Designer Violeta Villacorta works with Yanesha women of the Palcazú Valley, Peruvian Amazon

Wearable Art and the Way of the Jungle
Organic Spa Magazine STYLE
by Zoe Helene

Creative collaboration with indigenous women in Peru helps preserve and protect the Amazon

Peruvian-born clothing designer Violeta Villacorta has focused on sustainable design since 1993. The MOCA Geffen Museum in Los Angeles has showcased her signature eco-clothing collection, and she has dressed luminaries in music and film. With ORG by vio, Villacorta combines her love for design, hand-crafted adornment, the environment and indigenous culture by working in collaboration with Amazonian rainforest artisans.

“Although I adopted a green consciousness early in my personal and professional life,” says Villacorta, “it was no longer enough to create earth-friendly goods or live ‘green.’ I was moved to incorporate my values and skills in work with indigenous Amazon communities—especially women.”

Villacorta became involved with Amazon Watch ( back in 2000 because she wanted to work with communities affected by extractive industries such as gas, oil, timber and gold mining. Amazon Watch has been working to protect the Amazon Basin and indigenous rights for more than two decades. Executive Director and Founder Atossa Soltani is a “primary inspiration,” and Villacorta continued to contribute financially to the organization when she accepted a role as senior designer at Patagonia, a position she held for six years.

Awajun Enkepa, $190;, Villacorta uses seeds from Amazon jungle plants as well as plant fibers to create these necklaces—in collaboration with Peruvian women artisans, for the ORG by vio collection. The seed beads used to make this beautiful Awajun Enkepa necklace are Wayampai, Kumpia, Chichao seeds. Fishing thread is used for strength.

Through ORG by vio, Villacorta shares tools that allow indigenous women to maintain their traditions while creating income and livelihoods. She works hand in hand with the artisans, in person and virtually, emailing sketches and designs for collaborative projects and featuring their original works on her website and others.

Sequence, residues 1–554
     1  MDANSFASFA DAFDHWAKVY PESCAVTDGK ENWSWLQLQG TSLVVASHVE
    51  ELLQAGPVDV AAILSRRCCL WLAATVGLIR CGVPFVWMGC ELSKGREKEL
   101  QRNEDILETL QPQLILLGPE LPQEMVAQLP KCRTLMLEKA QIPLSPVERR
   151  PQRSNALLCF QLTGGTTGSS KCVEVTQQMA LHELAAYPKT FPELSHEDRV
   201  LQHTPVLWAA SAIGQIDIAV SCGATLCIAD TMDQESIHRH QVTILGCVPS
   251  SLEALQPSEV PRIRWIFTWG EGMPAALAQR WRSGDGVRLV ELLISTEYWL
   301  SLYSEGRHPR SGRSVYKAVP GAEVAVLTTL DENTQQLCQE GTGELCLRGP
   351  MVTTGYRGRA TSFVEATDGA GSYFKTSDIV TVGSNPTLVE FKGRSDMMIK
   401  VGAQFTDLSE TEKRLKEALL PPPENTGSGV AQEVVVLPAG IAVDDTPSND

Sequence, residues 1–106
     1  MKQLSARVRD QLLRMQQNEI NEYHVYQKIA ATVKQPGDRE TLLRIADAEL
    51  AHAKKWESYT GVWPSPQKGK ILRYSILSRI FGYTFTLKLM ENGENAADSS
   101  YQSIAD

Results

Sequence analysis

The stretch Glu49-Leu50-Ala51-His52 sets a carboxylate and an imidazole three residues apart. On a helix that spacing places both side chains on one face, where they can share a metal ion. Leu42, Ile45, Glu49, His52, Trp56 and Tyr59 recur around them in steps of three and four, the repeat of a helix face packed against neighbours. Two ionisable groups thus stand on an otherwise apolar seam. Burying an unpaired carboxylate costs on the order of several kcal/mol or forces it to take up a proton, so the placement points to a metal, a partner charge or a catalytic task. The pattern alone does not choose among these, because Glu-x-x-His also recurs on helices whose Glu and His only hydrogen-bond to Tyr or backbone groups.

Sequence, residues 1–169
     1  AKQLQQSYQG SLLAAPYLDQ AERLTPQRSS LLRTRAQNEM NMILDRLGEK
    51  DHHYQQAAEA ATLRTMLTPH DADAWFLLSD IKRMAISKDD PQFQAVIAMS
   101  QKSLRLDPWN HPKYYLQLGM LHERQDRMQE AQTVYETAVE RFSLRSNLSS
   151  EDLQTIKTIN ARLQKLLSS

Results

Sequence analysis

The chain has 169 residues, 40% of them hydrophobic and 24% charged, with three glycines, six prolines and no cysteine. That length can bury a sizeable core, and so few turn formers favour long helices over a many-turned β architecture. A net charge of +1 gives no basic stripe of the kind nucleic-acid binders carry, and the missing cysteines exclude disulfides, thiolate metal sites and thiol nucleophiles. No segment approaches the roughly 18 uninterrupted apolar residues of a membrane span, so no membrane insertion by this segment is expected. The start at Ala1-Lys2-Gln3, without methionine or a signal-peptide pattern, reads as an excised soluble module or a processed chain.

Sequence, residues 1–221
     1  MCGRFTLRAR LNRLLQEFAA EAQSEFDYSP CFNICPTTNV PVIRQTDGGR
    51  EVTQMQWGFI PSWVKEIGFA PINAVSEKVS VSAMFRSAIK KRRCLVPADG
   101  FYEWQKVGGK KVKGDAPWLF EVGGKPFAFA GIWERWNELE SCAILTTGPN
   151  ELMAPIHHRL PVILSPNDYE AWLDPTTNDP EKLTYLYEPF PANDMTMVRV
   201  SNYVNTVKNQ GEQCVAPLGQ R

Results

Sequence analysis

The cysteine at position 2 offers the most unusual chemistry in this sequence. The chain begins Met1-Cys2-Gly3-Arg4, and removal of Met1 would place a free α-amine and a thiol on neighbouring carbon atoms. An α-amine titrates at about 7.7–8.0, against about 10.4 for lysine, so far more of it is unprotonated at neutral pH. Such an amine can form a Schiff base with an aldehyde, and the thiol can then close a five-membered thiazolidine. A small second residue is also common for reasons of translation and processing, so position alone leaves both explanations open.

In 2010, Villacorta began working on creative artisan projects with the Cofán or A’i people native to the Napo Province in northeast Ecuador and southern Colombia, whose ancestral land, community health and social cohesion have been severely damaged by several decades of oil drilling. In 2011, she visited the Awajún community in Peru and began collaborating with women artisans who create jewelry and accessories from seeds and other plant fiber materials.

Blending elements from multiple cultures to create a look she calls “bohemian chic,” Villacorta loves the use of seeds from Amazon jungle plants as well as plant fibers, managed wood and other plant materials. She is also looking forward to working with natural tree rubber.

The versatile ORG by vio collection can be worn with a wide variety of looks—from jeans and a shoulder-baring top to simple, elegant ensembles by designers such as Eileen Fisher or edgy super-stylers such as Stella McCartney.

The beads she uses are actually seeds from flowering plants, bushes, trees and vines native to the Amazon rainforest. “The plant world—and jungle even more so—is all about the spirit of abundance, so it is a designer’s paradise,” Villacorta says. “When you’re looking for colors and shapes and sizes to work with, there’s never a lack of choices.”

As ORG by vio projects grow and thrive, Villacorta is witnessing something rare and remarkable. “The young people are hungry for their roots,” she says. “They want to learn everything about their traditional artistry. And while they learn they’re also exposed to other precious traditional cultural concepts like shamanism and plant spirit, and they want to learn that too. More and more, they want to learn about the way of the jungle.”

Though Peruvian-born, Villacorta is still considered “foreign”—thus suspect—and must rely on complex, convoluted channels of introduction when searching for ethnic tribal partners. Her big heart, intelligent sincerity, and focus on collaborative-based progress has opened many doors.

Despite the challenges, she remains passionate. “When we align ourselves with our true purpose, all the pieces fall into place effortlessly and the real work begins,” she says. “I believe that the cooperation of people is an indispensable element of building sustainability and creating powerful opportunities and partnerships around the world.”

March 2014